Now in its 32nd year, Civil War Heritage Days is one of the unique annual events in Key West. That’s saying a lot on an island as extraordinary as this.
Beginning at 10 a.m. Friday, Fort Zachary Taylor Historic State Park will be transformed into a Civil War federal encampment, complete with a field full of costumed reenactors waiting to transport festivalgoers back to a time when the town became the only city below the Mason-Dixon line to remain loyal to the Union throughout the war.The story goes that on the evening of Florida’s secession, federal soldiers, sensing the potential of retaining a deep-water port close to enemy supply lines, seized Fort Zachary Taylor as the headquarters of the Navy’s East Gulf Coast Blockading Squadron. Fort Zachary Taylor, with its towering walls, sanitation facilities, impressive artillery and prime location at the mouth of the Florida Straits, was the glittering jewel of Florida’s seaside forts. At the time, the fort was only accessible by a 1,200-foot causeway, and appeared to passersby as a menacing island in and of itself. It was the perfect stronghold for Union soldiers, who would rely on its prime location and its 200 cannons to intercept enemy supply ships before they reached land.
Designated a National Historic Landmark in 1973, today’s Fort Zach is a better place to spot tourists wielding selfie sticks than blockading ships carrying ammunition — except during Civil War Heritage Days, when the fort and the surrounding areas are transformed into a bustling, circa-1861 community of Union and Confederate infantrymen, craftsmen, settlers and townspeople. It’s a lively three days, complete with a parade down Duval Street, dedicated school children’s day, weapons demonstrations and a variety of reenactments. There’s even a faux sea battle and blockade-runner’s trial scheduled, as well as a series of lectures by Edward England, whose late father, Howard England, was the preeminent authority on Fort Zachary Taylor and who championed its transformation from ruin to historic landmark.Event coordinator and park services specialist Kevin Bowes is effusive about the historic and rare opportunities the Civil War Heritage Days celebration offers.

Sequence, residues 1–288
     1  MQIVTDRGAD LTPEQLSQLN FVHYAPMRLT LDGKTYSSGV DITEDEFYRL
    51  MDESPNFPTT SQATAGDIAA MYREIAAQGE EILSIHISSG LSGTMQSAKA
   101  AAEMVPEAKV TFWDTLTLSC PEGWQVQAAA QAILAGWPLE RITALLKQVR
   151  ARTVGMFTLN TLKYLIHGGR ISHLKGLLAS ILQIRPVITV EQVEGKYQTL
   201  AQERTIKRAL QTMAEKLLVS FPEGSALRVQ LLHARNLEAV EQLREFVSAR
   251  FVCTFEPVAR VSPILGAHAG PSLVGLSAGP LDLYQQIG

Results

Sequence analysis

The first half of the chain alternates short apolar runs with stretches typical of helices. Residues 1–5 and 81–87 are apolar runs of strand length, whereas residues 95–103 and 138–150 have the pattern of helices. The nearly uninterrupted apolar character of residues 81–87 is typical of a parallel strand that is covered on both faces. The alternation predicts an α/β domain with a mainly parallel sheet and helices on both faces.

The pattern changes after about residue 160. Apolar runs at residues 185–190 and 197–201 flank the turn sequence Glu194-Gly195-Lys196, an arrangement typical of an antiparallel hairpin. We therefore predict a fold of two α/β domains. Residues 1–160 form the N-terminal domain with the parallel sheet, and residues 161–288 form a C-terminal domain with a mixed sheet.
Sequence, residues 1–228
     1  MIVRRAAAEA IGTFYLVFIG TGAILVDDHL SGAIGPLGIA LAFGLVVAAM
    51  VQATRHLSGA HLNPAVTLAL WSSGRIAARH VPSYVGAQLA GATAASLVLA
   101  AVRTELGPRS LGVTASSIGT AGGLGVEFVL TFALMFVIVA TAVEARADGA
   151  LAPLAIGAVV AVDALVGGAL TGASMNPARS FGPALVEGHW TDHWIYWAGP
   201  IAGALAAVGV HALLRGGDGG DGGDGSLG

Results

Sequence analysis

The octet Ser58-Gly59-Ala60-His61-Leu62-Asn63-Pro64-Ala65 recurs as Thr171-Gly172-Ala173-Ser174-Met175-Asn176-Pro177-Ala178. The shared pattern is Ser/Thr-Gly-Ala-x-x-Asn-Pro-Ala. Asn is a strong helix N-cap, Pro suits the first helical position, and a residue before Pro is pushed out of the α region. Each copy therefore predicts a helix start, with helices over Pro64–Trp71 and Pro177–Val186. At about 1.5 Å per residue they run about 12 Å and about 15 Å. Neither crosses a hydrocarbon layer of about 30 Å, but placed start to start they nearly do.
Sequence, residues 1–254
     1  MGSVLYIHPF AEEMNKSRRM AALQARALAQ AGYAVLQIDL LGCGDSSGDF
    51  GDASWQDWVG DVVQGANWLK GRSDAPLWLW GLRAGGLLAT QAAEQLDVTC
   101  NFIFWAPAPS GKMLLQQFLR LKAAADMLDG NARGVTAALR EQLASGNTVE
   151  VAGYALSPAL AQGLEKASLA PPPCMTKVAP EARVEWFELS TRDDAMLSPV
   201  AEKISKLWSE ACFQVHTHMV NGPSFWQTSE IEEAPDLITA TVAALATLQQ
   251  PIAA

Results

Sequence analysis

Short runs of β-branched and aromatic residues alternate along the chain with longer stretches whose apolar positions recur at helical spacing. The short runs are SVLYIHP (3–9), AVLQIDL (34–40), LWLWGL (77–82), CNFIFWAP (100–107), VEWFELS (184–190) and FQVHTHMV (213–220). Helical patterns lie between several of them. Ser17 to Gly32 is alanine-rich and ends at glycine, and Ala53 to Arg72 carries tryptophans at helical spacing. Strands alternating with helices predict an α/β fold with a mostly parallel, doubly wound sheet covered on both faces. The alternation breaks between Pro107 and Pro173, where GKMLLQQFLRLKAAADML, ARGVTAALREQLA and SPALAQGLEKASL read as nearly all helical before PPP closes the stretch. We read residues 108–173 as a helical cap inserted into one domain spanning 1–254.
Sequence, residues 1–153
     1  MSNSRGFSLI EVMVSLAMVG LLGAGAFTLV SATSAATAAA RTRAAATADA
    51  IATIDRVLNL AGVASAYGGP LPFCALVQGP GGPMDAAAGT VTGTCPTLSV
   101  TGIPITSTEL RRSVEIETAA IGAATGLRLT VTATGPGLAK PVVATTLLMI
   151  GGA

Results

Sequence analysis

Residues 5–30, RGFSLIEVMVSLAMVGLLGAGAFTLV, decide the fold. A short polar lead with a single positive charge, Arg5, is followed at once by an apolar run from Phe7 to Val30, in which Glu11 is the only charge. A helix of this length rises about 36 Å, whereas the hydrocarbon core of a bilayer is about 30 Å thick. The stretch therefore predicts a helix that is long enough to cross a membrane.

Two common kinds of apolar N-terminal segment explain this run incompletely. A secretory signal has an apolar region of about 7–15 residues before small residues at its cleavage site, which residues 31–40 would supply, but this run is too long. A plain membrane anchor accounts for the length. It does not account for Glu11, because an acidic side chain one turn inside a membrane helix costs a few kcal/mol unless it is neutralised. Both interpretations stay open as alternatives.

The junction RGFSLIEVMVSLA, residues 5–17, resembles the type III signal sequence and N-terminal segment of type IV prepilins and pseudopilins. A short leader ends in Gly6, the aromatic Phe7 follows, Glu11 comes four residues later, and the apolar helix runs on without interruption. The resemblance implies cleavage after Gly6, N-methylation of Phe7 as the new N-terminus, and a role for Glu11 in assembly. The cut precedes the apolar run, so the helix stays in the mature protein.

Outside the Civil War Heritage Days celebration, Fort Zach and the surrounding state park remain one of Key West’s most popular attractions. It’s wonderfully haunted, say those who believe in that sort of thing, and it’s one of the best places on the island to take in a view of the open sea.
But this weekend, with about 100 uniformed Union and Confederate reenactors strolling around, you’re all but guaranteed a free tour guide, with a literal army standing by to help you brush up on the history of America’s most bloody conflict to date.
Civil War historians like to point out that outside the walls of Fort Zachary, Key West townspeople were largely sympathetic to their Confederate neighbors. But Kevin says the Heritage Days festival does not make a big deal about the historical rift.
“The only obvious reference during the event is that we made the Confederate soldiers set up camp in the pines instead of inside the fort,” he says. “Besides that, the two sides come together for the weekend to help educate the community and to inspire the next generation of reenactors.”
Along with gaining a better appreciation for a Civil War soldier’s daily experiences, guests will be able to purchase period merchandise from vendors. Those with children are encouraged to pay special attention to Friday’s “School Day” event lineup, which includes a cannonladen parade down Duval Street and demonstrations for kids. More than 500 local fifth and eighth graders are scheduled to attend. Kids can learn how to cook over a campfire, play a dulcimer, navigate using the stars, sew a quilt and more. Kevin says the hands-on approach to historical education is such good fun, students often return to serve as reenactors.
“This event is very unique — even for a city like Key West — because it tells a beautiful story,” Kevin says. “(It’s) a story of our past … how we, as people, have progressed … and how we have stayed the same,” he says, urging that the stories be passed down in person, “… face-to-face, with no glass screen to interfere with our senses.”
Indeed, there is something to be said for the immediacy and theatricality of historical reenactment at a time when so many of us communicate through the distorted, alienating lens of social media. The parallels between our country’s division 150 years ago and today make it obvious that history is both cyclical and corrective. With our national consciousness positioned once again at the crux of either a reckoning or a reset, so much depends on our collective ability to understand how we got here and how our past continues to inform our future.
“To experience is to understand,” Kevin says. “We need to smell the bacon cooking on the fire. We need to feel the power of the cannon blast. We need to hear the flap of the flag in the wind.” ¦